About guest satisfaction...

Before I came to America, I thought everyone knew how to eat shrimp. Then I met folks who have zero experience in shelling cooked shrimp (they never bothered to figure out how the guys in the kitchen prepared their favorite shrimp cocktail). I even know someone who gets goosebumps at the sight of cooked shrimp with their heads on (I plan to teach him how to suck the tasty shrimp fat from inside those spiny heads! Yum!). So, ask your guests beforehand if they have qualms about consuming sea creatures -- the ones that look like insects. It would be a golden opportunity to teach someone something new.

Bon appetit!

March 29, 2006

Dishwasher lesson

I was born and raised in a tropical island. I didn't grow up operating dishwashers much like Paris Hilton didn't grow up pitching hay.

We didn't have dishwashing appliances because hand dishwashing is considered an integral part of tropical island life. And also because dishwashers require hot and cold water, an indoor engineering application that we had absolutely no use for in our lovely, steamy equatorial climate. We take refreshing cold showers 24/7.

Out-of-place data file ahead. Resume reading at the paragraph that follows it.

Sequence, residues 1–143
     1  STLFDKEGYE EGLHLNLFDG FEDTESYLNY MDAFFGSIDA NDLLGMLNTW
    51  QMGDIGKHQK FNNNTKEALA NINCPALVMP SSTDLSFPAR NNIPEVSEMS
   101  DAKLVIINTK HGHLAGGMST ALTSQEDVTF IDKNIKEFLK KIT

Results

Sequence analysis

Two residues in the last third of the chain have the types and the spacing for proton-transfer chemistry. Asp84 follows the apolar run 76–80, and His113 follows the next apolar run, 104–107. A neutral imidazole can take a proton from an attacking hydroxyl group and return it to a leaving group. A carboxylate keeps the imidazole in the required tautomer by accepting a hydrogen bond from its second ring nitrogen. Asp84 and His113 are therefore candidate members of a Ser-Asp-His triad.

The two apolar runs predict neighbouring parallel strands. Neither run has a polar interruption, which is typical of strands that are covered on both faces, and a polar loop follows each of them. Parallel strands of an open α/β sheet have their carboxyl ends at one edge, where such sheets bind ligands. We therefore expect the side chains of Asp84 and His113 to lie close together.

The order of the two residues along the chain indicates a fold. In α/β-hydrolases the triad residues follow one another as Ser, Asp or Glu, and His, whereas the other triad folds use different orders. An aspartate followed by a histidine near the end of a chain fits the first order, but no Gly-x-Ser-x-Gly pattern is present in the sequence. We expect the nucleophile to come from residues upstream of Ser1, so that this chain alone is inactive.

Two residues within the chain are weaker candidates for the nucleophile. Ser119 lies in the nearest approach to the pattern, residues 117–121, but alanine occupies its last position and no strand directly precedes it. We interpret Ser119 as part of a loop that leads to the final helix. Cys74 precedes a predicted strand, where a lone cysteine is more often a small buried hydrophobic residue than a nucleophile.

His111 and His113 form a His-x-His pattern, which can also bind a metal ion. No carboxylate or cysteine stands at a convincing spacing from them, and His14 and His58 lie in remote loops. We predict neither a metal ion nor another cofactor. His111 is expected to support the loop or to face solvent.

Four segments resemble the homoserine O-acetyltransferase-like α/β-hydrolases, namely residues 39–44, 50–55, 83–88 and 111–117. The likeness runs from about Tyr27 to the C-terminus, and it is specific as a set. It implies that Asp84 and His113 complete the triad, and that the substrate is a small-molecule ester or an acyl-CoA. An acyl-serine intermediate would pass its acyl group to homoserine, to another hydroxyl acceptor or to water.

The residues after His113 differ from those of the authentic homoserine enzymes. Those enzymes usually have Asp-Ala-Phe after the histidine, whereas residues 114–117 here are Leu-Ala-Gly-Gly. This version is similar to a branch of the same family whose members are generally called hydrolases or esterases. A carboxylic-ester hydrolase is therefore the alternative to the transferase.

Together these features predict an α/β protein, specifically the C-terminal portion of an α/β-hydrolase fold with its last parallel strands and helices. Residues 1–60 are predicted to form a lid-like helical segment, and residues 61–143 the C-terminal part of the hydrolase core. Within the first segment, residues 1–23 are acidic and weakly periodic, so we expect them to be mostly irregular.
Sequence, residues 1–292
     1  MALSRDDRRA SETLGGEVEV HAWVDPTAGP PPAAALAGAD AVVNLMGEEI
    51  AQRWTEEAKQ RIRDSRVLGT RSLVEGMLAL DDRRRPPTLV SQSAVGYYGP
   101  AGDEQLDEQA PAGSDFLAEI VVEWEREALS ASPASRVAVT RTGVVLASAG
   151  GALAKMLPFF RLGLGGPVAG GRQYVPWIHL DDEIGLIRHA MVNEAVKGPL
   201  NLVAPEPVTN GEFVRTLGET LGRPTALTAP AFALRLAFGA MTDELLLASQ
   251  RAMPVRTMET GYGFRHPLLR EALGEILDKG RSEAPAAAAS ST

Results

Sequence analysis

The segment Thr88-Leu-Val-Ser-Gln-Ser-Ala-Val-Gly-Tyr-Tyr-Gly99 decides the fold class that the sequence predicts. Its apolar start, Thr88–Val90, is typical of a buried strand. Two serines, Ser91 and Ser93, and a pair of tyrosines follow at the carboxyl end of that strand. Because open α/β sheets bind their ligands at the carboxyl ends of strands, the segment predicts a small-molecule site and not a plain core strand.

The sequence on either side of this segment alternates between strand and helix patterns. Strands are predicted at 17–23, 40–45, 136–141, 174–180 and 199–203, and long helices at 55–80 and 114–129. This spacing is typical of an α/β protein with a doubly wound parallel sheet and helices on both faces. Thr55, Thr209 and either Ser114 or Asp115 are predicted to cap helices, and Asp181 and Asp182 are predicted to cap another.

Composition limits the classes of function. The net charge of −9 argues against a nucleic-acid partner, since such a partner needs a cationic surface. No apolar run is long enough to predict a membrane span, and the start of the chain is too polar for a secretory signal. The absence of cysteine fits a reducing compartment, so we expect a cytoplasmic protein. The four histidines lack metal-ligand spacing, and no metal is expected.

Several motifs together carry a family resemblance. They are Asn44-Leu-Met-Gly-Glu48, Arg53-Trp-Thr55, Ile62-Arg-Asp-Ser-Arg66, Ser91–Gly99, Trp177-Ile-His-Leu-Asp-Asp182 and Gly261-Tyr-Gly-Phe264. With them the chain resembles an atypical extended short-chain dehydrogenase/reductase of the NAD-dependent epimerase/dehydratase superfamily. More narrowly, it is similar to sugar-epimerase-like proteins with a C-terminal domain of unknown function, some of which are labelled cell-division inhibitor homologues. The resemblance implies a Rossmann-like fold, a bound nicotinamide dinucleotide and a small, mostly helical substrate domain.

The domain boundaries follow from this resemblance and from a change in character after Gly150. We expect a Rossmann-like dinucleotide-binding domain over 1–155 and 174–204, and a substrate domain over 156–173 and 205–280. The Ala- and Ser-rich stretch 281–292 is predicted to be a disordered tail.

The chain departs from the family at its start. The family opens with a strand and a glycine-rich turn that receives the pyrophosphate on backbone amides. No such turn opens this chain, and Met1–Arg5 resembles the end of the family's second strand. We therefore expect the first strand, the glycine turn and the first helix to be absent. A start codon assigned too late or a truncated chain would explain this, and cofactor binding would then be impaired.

So, when I came to America, this dishwashing contraption was as alien to me as a snow plow. But hey, I gotta learn to use it, so I used it. How hard was that -- turn knobs to settings that said Hot Start, Heavy Wash, Normal Wash, Short Wash, Rinse Only, Drying, and Stop. Simple.

I loaded the dirty dishes. Of course, dishwashing needs detergent, right? Hmm. I have detergent. There's a cup in the dishwasher door that's obviously for the detergent, so I pour it in there, close the cup, shut the door, and engage the lock. Turn knob to... uhm... Normal Wash should be good.

And the machine goes whirrrr. Okay. I can get used to this world of machines doing housework.

A few minutes later, my guardian angel whispers in my ear. "Check the dishwasher."

I go into the kitchen and notice bubbles streaming out from under the dishwasher door, and a white foam starting to crawl across the floor. Argh!

Stop! Stop! Where's the stop button?! Unplug! How do you unplug this thing? Panic!